Interested in joining the Wildland Fire lab as a graduate student?

The work in our lab is focused on generating a better understanding of the ecology and management of fire and the conservation and natural history of fire-prone ecosystems. This list of “interests” is broad; my areas of expertise are more limited and should match your own pretty closely. I typically have funded projects with several “parts” available, but I will encourage you to be original and generate your own ideas/thesis within the larger project goals. Other students work on projects with no initial funding and have successfully acquired full funding (with my help) or are independently wealthy and just enjoy school and working in a beautiful place.

There are currently two graduate students in the lab. I do not currently have additional opportunities available, but opportunities can arise quickly. If you are interested in pursuing a graduate degree in our lab, please do the following:

  1. Read Getting What You Came For (Author: R.L. Peters, ISBN 0-674-52477-7), or at least several chapters. This text is available for about $5 from your local or internet bookstore. This text will tell you why you should avoid me, why you shouldn’t seek a graduate degree, and other reasons to not attempt step 2.
  2. Send me a detailed email or snail-mail package with the following information:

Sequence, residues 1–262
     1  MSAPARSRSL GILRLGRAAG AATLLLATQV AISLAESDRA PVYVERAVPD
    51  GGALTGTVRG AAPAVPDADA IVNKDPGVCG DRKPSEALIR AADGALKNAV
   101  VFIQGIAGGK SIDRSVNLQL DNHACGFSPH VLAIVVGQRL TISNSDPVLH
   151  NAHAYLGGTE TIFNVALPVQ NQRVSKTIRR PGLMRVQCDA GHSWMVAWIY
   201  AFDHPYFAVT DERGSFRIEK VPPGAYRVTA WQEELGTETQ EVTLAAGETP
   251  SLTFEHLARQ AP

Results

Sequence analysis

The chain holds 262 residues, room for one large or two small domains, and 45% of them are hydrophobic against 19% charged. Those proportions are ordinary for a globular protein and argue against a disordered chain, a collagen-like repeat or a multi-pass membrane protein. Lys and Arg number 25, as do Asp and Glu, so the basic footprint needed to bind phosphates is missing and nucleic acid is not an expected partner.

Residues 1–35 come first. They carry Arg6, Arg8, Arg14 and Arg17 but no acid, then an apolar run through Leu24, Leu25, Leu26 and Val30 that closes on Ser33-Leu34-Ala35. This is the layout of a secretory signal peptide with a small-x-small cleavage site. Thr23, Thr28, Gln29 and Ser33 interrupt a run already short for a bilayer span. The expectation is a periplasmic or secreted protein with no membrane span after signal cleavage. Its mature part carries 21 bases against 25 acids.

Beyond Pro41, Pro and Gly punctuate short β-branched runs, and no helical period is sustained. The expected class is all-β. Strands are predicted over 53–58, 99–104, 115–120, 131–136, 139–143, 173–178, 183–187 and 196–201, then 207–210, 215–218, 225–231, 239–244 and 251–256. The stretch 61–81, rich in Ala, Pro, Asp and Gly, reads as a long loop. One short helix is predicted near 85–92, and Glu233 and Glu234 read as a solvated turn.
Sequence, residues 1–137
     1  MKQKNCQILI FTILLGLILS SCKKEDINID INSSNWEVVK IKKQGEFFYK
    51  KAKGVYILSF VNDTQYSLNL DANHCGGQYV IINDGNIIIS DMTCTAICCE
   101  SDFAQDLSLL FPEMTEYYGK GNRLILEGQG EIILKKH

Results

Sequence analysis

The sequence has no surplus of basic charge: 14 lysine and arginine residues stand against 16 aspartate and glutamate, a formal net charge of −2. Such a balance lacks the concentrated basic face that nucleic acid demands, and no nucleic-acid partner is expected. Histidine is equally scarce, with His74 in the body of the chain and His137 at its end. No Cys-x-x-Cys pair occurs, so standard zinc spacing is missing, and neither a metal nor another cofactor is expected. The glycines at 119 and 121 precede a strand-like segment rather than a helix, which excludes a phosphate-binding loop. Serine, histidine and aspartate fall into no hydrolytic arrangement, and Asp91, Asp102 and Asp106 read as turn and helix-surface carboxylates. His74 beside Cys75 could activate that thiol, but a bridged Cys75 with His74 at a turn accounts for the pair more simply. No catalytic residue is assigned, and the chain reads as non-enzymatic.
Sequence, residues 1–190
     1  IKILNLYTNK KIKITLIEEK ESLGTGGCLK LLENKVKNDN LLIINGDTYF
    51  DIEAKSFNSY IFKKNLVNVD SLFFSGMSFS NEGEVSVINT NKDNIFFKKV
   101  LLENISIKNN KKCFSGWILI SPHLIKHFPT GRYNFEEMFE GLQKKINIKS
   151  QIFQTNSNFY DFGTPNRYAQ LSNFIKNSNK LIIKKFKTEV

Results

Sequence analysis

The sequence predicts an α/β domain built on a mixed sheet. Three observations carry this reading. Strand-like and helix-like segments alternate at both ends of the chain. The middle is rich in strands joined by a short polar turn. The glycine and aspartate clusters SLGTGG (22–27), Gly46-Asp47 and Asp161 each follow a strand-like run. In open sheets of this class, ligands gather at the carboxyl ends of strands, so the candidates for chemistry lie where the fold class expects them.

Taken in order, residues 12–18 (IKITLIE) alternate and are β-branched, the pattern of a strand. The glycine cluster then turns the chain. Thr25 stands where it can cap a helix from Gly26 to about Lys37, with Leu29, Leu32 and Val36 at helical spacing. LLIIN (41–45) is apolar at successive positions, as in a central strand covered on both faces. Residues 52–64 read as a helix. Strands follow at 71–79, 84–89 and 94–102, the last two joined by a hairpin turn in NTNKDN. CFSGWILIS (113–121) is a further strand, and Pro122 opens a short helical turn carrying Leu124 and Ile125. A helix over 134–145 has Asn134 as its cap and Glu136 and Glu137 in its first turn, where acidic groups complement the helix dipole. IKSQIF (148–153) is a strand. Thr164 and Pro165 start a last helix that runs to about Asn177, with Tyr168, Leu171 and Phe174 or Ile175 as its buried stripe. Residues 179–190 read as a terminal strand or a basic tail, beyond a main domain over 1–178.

1. Letter including your interest areas
    2. Scores: GRE, GPA during last 60 units or a good ball-park guess
    3. Experience: lab or field research; related work experience
    4. Any publications or presentations
    5. Funding needs (already have $, looking, ideas…)
    6. Contact info for 2+ references
    You will need to gather these things and more for a real application to Humboldt State University’s graduate school.
  3. When I fail to reply to your email or phone call, call me (I am busy and really just forgot).

Expectations

As a member of our lab, I expect that you will:

  1. contribute to the intellectual capital of our work by discussing literature, methods, and reviewing proposals and manuscripts in our weekly lab meetings;
  2. contribute to field and laboratory work of lab members;
  3. write and submit grant proposals;
  4. write and submit manuscripts to peer-reviewed outlets;
  5. be active in our field (student organizations, attend and present at conferences); and
  6. be involved in the undergraduate courses I teach (share your experience, interests, and talents).

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